- May 1, 2014
Jeremy Clarkson under fire for allegedly dropping N-word in Top Gear outtake [w/video] [UPDATE]
Once again, Jeremy Clarkson is drawing the ire of the British tabloids, led by The Mirror, who accuse the Top Gear host of saying the "N"-word during an outtake of the show's comparison between the Toyota GT86 and Subaru BRZ.
The Mirror's proof of the 54-year-old's allegedly racist remarks is a video, which would make it pretty incontrovertible... if there were any racist remarks being uttered. To be entirely fair, it's pretty difficult to make out just what Clarkson is saying as he repeats the children's rhyme "Eeny, Meeny, Miny, Moe" while picking between the two rear-drive sports cars. He mumbles for a fair bit of it, and if he does drop the N-word, we can't completely tell.
Clarkson, for his part, is vigorously denying the tabloid's allegations.
I did not use the n word. Never use it. The Mirror has gone way too far this time.- Jeremy Clarkson (@JeremyClarkson) May 1, 2014
He's backed up by co-host James May, as well.
Jeremy Clarkson is not a racist. He is a monumental bellend and many other things, but not a racist. I wouldn't work with one. #ThatIsAll- James May (@MrJamesMay) May 1, 2014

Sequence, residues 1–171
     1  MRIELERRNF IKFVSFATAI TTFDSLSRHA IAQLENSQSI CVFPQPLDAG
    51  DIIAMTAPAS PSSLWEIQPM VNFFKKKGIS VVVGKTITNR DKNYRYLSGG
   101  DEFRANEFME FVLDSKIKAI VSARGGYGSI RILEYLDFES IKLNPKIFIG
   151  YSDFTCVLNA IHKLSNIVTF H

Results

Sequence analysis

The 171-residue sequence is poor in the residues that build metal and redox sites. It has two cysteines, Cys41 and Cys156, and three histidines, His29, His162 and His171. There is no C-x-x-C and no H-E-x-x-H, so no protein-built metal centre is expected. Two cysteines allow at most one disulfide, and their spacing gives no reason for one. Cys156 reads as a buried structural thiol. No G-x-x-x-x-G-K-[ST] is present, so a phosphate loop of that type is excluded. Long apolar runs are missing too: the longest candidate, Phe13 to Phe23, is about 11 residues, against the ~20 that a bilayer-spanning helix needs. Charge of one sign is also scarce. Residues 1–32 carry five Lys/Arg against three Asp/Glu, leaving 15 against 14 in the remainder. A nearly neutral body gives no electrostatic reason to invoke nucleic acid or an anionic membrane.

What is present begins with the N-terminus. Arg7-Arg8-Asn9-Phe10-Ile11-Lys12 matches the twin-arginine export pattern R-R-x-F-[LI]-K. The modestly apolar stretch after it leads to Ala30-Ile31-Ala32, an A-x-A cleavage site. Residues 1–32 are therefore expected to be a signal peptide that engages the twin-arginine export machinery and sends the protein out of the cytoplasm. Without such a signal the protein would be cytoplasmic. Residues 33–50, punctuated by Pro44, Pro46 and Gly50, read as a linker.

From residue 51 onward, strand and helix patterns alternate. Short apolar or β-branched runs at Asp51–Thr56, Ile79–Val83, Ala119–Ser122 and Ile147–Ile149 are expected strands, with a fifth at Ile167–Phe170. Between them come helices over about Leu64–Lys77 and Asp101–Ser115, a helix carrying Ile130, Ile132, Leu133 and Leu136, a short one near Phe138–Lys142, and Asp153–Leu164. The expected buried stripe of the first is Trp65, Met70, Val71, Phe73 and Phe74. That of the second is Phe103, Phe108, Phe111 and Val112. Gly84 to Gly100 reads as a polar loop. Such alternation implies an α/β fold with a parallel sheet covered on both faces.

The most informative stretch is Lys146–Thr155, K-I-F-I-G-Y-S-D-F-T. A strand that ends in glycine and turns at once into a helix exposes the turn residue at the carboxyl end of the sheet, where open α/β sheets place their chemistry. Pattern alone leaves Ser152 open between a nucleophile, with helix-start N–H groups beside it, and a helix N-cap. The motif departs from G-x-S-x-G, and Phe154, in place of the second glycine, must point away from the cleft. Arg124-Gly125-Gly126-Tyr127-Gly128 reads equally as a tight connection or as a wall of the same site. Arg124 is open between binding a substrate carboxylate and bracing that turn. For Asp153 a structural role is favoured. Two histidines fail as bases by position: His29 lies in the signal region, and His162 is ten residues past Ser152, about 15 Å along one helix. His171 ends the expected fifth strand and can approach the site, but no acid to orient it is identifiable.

Playing Devil's Advocate, the children's rhyme in question did include the N-word in some variations for quite a long time. It could be explained by a bout of extreme absentmindedness, although that still doesn't change the fact that Clarkson's alleged use of the phrase is wholly unacceptable. Clarkson also could have mumbled "tiger" or "tigger," both of which are known variations in the rhyme, as well.
In the end, people will make up their own mind on what Clarkson said. From our perspective, the evidence is just too thin. This isn't a cut-and-dry case like Donald Sterling, where there are minutes and minutes of clear audio of him espousing his racist beliefs. This is far more difficult to discern.
We can't embed The Mirror's original video, although the team at Jalopnik found an embeddable copy. You can scroll down and have a look, or hop over to the tabloid's website for its copy. Whichever you choose, be sure to come back here and register your views in Comments.